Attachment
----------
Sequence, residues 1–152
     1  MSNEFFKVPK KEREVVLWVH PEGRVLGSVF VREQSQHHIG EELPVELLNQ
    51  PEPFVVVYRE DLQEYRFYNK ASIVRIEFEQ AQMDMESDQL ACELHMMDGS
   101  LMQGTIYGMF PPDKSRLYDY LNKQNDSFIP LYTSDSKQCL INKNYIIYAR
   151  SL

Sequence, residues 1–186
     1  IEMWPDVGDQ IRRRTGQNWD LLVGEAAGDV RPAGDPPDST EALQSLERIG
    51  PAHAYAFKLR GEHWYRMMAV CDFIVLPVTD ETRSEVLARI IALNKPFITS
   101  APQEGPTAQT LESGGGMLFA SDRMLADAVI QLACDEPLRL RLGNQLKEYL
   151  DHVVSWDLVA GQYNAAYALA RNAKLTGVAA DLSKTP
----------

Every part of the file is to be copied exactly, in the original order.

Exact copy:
Sequence, residues 1–152
     1  MSNEFFKVPK KEREVVLWVH PEGRVLGSVF VREQSQHHIG EELPVELLNQ
    51  PEPFVVVYRE DLQEYRFYNK ASIVRIEFEQ AQMDMESDQL ACELHMMDGS
   101  LMQGTIYGMF PPDKSRLYDY LNKQNDSFIP LYTSDSKQCL INKNYIIYAR
   151  SL

Sequence, residues 1–186
     1  IEMWPDVGDQ IRRRTGQNWD LLVGEAAGDV RPAGDPPDST EALQSLERIG
    51  PAHAYAFKLR GEHWYRMMAV CDFIVLPVTD ETRSEVLARI IALNKPFITS
   101  APQEGPTAQT LESGGGMLFA SDRMLADAVI QLACDEPLRL RLGNQLKEYL
   151  DHVVSWDLVA GQYNAAYALA RNAKLTGVAA DLSKTP